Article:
(COVINGTON, La.) — The much anticipated annual St. Paul’s junior class Angola trip arrived steadily as juniors boarded the bus for the two-hour ride to the maximum security prison on March 23-24, 2017. For each of those two days, half of the class participated in a retreat, while the other half traveled to the prison. At the prison, students got to experience what life in Angola is like, and got to witness the background stories of some of the inmates and hear their advice on life.
“There are two purposes for us to go to Angola,” junior Luc Hebert said. “The first is for us to see the inner workings of a prison so we can steer clear of wrongdoings. The second is for us to have an opportunity to put ourselves in an inmate’s shoes which will, hopefully, help us to feel some empathy for them.”
Almost immediately after arriving, the students were guided to an Alamo-themed church where they were talked to by two inmates. They learned their stories and the mistakes they made that led them to Angola.
The students then made their way to the “Red Hat.” To many, this was one of the most disturbing places in Angola. This tiny building served as the old death row and execution chamber. Only the meanest and dirtiest of criminals made it here. It consisted of a small building holding two musty, cement rooms. The first one held the cells of the death row inmates. Each cell was the size of a very small room with a cement bench in the corner and a metal toilet on the wall. Each one looked like it was meant to hold one person, but they actually held ten or fifteen at a time.
The next room was a dank, depressing room that served one purpose: execution. A large wooden chair was seated in the middle of the room; this was a replica, of course, of the famed electric chair they called “Gruesome Gertie.”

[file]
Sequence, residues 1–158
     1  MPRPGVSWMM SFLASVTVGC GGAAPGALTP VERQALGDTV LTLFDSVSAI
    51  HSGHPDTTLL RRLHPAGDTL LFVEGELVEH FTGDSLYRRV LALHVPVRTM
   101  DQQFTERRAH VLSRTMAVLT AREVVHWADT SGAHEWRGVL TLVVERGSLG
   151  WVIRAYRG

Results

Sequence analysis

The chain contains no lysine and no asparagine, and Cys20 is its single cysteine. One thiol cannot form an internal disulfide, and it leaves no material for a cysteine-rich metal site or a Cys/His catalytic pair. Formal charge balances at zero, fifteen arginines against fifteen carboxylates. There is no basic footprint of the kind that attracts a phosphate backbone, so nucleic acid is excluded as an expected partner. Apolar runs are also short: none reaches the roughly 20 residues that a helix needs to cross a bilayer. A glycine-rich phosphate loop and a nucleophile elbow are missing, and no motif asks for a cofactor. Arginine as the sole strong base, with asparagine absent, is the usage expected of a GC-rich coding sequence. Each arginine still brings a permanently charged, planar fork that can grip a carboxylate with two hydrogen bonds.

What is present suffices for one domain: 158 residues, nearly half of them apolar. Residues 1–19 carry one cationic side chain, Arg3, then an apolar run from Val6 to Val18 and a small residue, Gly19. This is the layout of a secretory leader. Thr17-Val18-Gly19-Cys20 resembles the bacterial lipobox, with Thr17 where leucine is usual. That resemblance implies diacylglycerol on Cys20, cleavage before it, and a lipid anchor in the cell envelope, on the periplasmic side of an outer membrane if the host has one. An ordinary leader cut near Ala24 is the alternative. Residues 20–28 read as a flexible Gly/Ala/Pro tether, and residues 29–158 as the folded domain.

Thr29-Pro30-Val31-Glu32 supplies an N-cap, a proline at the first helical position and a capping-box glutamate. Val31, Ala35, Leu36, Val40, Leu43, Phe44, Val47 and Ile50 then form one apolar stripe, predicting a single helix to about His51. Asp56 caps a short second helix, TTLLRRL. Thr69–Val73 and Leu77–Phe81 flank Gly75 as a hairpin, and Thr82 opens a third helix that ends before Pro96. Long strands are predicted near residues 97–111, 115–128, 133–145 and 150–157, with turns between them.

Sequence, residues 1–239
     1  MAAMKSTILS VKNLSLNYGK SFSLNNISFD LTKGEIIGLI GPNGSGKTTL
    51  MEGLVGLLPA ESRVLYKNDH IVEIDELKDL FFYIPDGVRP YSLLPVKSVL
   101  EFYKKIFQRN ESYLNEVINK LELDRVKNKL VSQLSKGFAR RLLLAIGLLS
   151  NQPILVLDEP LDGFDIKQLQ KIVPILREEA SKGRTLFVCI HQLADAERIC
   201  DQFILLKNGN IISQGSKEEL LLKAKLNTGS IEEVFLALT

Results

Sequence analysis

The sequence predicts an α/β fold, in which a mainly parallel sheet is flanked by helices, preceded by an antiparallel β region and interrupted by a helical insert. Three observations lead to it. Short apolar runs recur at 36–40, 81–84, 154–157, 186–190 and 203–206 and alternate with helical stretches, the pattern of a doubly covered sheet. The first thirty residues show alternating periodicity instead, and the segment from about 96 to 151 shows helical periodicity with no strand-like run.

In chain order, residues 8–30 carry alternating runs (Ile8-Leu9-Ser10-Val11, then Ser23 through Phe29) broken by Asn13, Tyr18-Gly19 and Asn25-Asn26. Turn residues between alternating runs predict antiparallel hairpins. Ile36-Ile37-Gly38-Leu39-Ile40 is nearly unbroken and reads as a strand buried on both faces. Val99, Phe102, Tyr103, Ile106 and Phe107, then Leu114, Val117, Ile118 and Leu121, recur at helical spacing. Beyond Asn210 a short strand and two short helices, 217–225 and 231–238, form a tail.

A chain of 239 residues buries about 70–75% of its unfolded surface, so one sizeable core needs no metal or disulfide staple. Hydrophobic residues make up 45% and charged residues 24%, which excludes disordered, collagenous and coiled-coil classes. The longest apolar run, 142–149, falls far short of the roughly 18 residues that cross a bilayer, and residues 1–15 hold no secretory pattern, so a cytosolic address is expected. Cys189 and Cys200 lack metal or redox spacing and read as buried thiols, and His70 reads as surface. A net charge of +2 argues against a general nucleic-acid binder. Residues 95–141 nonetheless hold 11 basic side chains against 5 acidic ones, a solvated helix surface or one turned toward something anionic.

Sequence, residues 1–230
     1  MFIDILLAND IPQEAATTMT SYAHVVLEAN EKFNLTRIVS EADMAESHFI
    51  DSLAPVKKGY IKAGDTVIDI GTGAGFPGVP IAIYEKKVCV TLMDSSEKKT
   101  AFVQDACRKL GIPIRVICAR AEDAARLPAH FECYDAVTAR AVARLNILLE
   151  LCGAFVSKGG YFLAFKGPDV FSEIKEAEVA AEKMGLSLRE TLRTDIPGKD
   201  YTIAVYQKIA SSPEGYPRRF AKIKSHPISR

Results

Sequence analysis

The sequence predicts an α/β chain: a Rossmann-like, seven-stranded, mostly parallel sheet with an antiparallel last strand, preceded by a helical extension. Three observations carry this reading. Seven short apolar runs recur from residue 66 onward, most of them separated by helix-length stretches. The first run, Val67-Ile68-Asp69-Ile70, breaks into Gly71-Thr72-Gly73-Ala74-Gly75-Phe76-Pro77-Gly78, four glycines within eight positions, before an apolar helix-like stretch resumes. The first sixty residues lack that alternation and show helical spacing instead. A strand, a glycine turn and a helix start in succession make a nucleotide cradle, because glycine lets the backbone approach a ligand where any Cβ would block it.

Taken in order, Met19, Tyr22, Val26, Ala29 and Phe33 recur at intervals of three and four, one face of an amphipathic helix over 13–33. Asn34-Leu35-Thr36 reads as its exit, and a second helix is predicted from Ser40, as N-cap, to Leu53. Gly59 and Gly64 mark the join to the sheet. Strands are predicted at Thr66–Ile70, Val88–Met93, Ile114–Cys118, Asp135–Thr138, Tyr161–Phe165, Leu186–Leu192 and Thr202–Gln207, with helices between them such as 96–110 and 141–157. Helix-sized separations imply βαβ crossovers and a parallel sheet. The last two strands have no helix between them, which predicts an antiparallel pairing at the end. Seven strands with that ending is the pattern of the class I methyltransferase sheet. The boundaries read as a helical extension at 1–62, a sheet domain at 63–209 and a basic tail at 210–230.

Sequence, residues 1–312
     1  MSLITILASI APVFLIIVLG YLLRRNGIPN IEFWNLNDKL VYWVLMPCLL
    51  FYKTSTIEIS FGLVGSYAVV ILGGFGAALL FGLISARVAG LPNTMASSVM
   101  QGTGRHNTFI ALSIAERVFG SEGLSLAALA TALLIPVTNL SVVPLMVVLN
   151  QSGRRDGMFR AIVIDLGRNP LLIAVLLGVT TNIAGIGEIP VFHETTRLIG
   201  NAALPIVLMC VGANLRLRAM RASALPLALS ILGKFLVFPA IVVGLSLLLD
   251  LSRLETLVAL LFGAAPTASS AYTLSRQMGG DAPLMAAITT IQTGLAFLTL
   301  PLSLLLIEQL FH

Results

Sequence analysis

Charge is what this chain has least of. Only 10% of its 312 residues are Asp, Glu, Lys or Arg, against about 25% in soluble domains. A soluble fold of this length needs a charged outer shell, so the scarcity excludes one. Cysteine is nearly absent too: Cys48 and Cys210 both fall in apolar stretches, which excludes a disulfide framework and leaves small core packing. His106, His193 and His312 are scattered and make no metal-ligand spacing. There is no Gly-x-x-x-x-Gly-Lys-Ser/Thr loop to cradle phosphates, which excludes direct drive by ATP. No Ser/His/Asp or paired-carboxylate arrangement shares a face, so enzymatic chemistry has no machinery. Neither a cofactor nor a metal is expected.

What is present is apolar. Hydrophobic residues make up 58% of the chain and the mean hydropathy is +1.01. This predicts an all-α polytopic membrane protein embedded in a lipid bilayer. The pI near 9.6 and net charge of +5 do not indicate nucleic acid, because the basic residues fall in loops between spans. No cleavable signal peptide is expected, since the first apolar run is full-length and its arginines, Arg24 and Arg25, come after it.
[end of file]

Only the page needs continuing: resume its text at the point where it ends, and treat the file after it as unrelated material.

“As we walked through the Red Hat, all I could think is how did people actually live in here,” junior Patrick Guidry said. “The cells were the size of a small closet; they looked barely big enough to fit two people, but guard told us they use to fit fifteen people.”
“So, going into the Red Hat, it was a very Spartan place and it’s sort of eerie when you walk through. It evokes feelings that this is a prison where people have been mistreated, and it makes you feel sympathetic for prisoners when you see that they have been treated so inhumanely,” junior Forge Mathes said.
Next, the tour bus drove to the stables, where the guards keep and raise their horses. What stood out was a gigantic brown horse that drew the students towards it as it towered over them. The guards explained that type of horse was bred for jousting in the Medieval times.
“My favorite part was the horses we got to see,” said junior Adam Moennich. “That was pretty cool.”
The next stop was the trustee camp, which housed the most trusted prisoners, but also the execution chamber. This one was not as dreary and depressing as the last one though. The room for prisoner’s last meal held a large, grand table and promised the prisoner any meal he wanted before he was executed.
The next room was not so nice. The actual execution room was quaint and held the execution bench in the middle. This was surrounded by windows on one side for an audience, the family, to watch. The atmosphere of the room was quite intimidating. It was almost as if the presence of death could be felt in the air. Some students, more than others, felt this as one junior fainted unexpectedly during the execution presentation. This caused a stir as the students around him struggled to get him back up.
“The execution room was a place where people have actually died, and the government is murdering people,” junior Forge Mathes said. “You can see how powerful this place is that (the student) actually passed out under the immense pressure of the people that have died there. It’s an emotional trip, and it really makes you sympathetic for those killed.”
As the bus was heading out, it drove past what looked like a dog sanctuary. The guide explained how dogs are bred and trained there, but not just any dogs. They breed German shepherds and wolves together in order to produce the perfect guard dog.
As the bus left for the two-hour journey home, many students felt they hadn’t seen enough and wanted to get the complete Angola experience. They wanted to see more of the compound and witness the tougher criminals behind the walls of Angola.
“I liked Angola quite a bit, but I was kind of disappointed that we didn’t get to see more prisoners and more of the inside of the prison,” junior Adam Moennich said. “I didn’t like how we were on the bus most of the time.”
The Angola retreat was altogether a unique experience for the junior class. Some felt it more than others, but they all got to experience what life on the inside was like.